Devolution being “fundamentally undermined”
UK Government taking control from the Scottish Parliament, says new report.
Scotland’s ability to legislate in areas such as food, health and environmental standards is being undermined in a “systematic attack” on devolution, Constitution Secretary Michael Russell has said.
A report published today by the Scottish Government shows the extent to which the Scottish Parliament’s devolved powers are being eroded by the UK Government following the 2016 Brexit vote.
AFTER BREXIT: The UK Internal Market Act & Devolution sets out how:
- the Scottish Parliament’s views on Brexit have been ignored by the UK Government
- terms of reference designed to agree Brexit negotiating objectives among the UK’s four governments were disregarded
- the UK Government and Parliament now regularly legislate in devolved policy areas and adjust the powers of the Scottish Parliament without the consent of the Scottish Parliament
- UK Government Ministers have taken powers to spend in devolved areas
Most notably, the recently passed UK Internal Market Act allows the UK Government to in effect impose standards in a large number of areas that are devolved.
It means the Scottish Parliament could have its hands tied if it wants to stop the sale of hormone injected beef, regulate food content to prevent obesity or ban single-use plastics to protect the environment, the report sets out
The report also details how the Act is being used by the UK Government to divert funding that would otherwise come to the Scottish Parliament to decide how it should be spent.
One example is the UK Government administered Levelling Up Fund for infrastructure projects, which is bypassing any Scottish Parliament involvement in around £400 million of expected consequential funding.
Additionally UK Government Ministers now have the power to extend to Scotland’s NHS the controversial market access principles that the Act introduces.
Mr Russell added:
"Devolution has helped to move Scotland forward, building on the fundamental principle that the Parliament and Government elected by the Scottish people should make decisions for Scotland.
“But since the Brexit vote there has been a systematic attack on the Scottish Parliament’s powers, fundamentally undermining devolution.
“Bit by bit, the settlement that secured 74% support in the 1997 devolution referendum, is being unpicked under the cover of Brexit and without the consent of Scottish people.
“This is not a big bang abolition – it is instead the slow demise of devolution in the hope that no-one will notice.
“The UK Government has signalled its desire is to ‘undo’ devolution and it is now repeatedly using its majority at Westminster to impose laws in devolved policy areas.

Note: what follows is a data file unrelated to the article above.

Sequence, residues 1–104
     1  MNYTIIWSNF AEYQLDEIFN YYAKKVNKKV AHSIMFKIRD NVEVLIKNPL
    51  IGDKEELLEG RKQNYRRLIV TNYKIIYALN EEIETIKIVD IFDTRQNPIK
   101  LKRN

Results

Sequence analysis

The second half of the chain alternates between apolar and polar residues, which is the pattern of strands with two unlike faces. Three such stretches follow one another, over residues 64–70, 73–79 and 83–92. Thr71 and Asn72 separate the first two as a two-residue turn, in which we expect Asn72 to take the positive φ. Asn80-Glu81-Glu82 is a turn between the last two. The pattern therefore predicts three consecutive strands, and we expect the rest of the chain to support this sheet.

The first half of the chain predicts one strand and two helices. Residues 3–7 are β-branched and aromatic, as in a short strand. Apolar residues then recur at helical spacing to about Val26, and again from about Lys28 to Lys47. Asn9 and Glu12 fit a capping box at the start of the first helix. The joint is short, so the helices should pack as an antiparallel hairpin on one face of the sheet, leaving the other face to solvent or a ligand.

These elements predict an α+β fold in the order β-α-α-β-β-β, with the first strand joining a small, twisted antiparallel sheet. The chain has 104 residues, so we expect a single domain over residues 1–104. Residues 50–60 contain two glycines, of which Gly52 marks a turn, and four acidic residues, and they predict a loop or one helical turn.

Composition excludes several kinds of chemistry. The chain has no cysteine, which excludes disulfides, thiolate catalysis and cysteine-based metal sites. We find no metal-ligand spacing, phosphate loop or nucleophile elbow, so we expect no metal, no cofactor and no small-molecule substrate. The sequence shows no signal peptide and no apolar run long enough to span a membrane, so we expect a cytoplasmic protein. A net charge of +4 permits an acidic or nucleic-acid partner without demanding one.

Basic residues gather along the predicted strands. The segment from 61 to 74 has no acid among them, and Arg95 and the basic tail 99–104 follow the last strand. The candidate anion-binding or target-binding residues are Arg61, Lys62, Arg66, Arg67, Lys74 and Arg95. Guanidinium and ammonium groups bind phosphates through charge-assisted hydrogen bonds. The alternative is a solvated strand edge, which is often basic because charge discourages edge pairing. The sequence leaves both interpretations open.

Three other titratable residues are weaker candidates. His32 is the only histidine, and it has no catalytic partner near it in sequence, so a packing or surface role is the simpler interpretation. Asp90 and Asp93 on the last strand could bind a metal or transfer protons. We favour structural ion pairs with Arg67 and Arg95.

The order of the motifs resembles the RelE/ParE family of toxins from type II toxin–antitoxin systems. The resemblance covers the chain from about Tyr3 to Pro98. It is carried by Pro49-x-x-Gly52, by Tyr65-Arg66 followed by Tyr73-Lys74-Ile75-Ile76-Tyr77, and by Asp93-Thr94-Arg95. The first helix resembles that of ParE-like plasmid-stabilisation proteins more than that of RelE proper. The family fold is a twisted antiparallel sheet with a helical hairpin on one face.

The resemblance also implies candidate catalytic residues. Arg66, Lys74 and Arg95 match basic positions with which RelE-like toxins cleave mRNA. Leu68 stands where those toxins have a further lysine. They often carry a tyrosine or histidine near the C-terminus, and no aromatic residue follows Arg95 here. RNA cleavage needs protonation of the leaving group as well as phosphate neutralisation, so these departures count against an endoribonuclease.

“Most alarming of all, the Internal Market Act has substantially weakened the Scottish Parliament’s powers.
“The Act is going to have a very real impact on everyone in Scotland. The Scottish Parliament’s ability to ensure high levels of food standards and stop the sale of single-use plastics could be rendered obsolete - undoing devolution and undermining Scotland’s ability to directly shape its future.
“UK Government Ministers also now have the power, at a stroke of their pen, to subject Scotland’s NHS to the market access principles the Act introduces.
“That is why we will continue to resist the damaging effects of this Act in every way possible, and why we are bringing forward an independence referendum Bill – to keep Scottish powers in the hands of the Scottish people.”
AFTER BREXIT: The UK Internal Market Act & Devolution is available on the Scottish Government website.
Despite the Scottish and Welsh Parliaments refusing their consent to it, the Act became UK law in December, before the end of the Brexit transition period.
The Internal Market Act introduces a new Market Access regime, comprising mutual recognition and non-discrimination principles: goods and services that meet rules set in one part of the UK (where they originate or are imported to) are automatically accepted across all other parts of the UK, regardless of the rules there.
The Act also introduces new rules for the recognition of professional qualifications in the UK.
The Act confers new Financial Assistance Powers on UK Ministers to spend in devolved policy areas, such as economic development, infrastructure, culture, sporting activities, domestic educational and training activities without the oversight of the Scottish Parliament, and reserves state aid, a previously devolved matter.
Attached is a case study from the report on the impact of the Act on the Scottish Government’s commitment to action to reduce our reliance on single-use plastic.
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